by Jo Withers

After their mother left when the children were toddlers, I erased her from their memories completely and replaced her with Olivia Newton John.

Everything was digital by then and people had crazy busy lives. We downloaded memories from our overworked brains and stored them offsite in virtual clouds just like everything else we had no need to access all the time. Government research suggested that keeping our heads free of constant sentiment and regressive emotional triggers made us more efficient and less prone to mental breakdowns.

The girls were still young though, they loved accessing early childhood footage, just like I loved leafing through old photo albums at their age. They kept microchip sets by their bed so they could pull their files to re-watch at their leisure. Sometimes, I’d go to tuck them in at night and they’d be hugging their tablet under the covers as reruns of their baby days played on screen. Initially, I was just going to tweak them a bit, but Olivia Newton John was so easy to work with and portrayed such a perfect mother, I went a bit overboard.

I bought the basic package with Olivia because it was all I could afford back then, before their mother’s life insurance kicked in and we were comfortable. Olivia wasn’t making movies anymore and the kids had no idea who she was. Due to her super green lifestyle, she still only looked late thirties, so she was a good fit for their mother. I intended to just blur their old mum out a bit and take lots of shots from behind, things she’d been too busy to do with them in real life—baking, making daisy chains—but in the end, I went the whole hog and wiped their mother out completely. They were so young they never knew the difference.

We filmed about fifteen hours of footage over three days. The actual shooting was a hoot. Olivia’s a breeze to work with, she’s just like that candy sweet girl from Grease in real life. She breaks into song unexpectedly too, which I had to reel in a bit, their mother was more Cruella de Vil than Mary Poppins so I had to keep it within the bounds of reality.

We collected enough material to span the twelve years I’d known their mother up until the day she left. We made little montages—me and Olivia meeting for the first time, me and Olivia flirting and getting to know each other, our first date, the day I proposed, little clips I could share with the children later.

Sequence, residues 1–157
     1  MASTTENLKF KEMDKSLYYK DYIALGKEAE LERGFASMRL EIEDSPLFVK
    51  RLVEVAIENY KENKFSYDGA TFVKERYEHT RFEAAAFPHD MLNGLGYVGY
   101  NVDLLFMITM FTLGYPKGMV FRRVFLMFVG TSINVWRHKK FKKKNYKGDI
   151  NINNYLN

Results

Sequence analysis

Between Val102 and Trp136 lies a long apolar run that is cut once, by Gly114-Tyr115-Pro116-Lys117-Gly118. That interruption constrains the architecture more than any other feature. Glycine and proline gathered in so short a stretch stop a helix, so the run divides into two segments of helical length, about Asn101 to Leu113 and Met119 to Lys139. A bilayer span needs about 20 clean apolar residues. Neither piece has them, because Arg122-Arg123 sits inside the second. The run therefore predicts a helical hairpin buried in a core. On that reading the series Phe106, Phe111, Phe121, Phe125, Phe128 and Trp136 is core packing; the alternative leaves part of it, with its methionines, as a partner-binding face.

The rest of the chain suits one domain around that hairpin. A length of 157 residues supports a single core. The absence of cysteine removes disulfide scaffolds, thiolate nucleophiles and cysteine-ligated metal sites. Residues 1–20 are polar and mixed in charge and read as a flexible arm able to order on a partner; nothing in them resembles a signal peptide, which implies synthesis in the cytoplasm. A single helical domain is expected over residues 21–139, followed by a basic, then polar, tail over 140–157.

My best work was the footage of the day their mother left. When I explained to Olivia how their mother walked out when the children were one and three, she held my hand and sobbed then sang an epic ballad on love and loss—we had to completely redo her makeup before we recorded the scene. She said she’d do anything she could to sugarcoat their memories of that day.

I filmed it perfectly, it’s early evening and the day’s last sun is hitting through the kitchen skylight, shooting champagne streaks through Olivia’s bouncy blonde bob as she warms hot milk for bedtime. Suddenly, the phone rings. Olivia picks it up and seconds later, she’s in tears, milk frothing over in the pot. She puts the phone down and turns to face the camera, all wrinkly nose and soulful eyes—there’s been an earthquake in Tibet, they need her to go and round up orphans and injured animals, she must leave now, while there’s still time. She hugs me, tells me to tell the children she loves them, that she is going to build a better world for us to share.

That was our last scene. We shook hands, Olivia pocketed a wad of cash and I set to work photo-shopping her into all of our memories.

Now, the girls are seven and nine, two beautifully adjusted young women who know that they are loved and want to grow up to be just like their selfless mother who sacrificed her life with them to save their future.

Of course, the new memories of Olivia also helped with my own trauma after their mother left. For years I couldn’t think about her, but now I can happily watch the footage from that day.

I walk in again, find her frantically packing upstairs, saying she’s serious this time, she’s going to take the girls and get as far away as she can. There’s the slightest flicker of colour, a blood splatter of tiny red spots to the left of the screen that I couldn’t edit out smoothly no matter how hard I tried, then Olivia’s there instead, unpacking the case, plumping the pillows on the bed, saying she’ll fetch tea, telling me a nice hot bath will fix everything.

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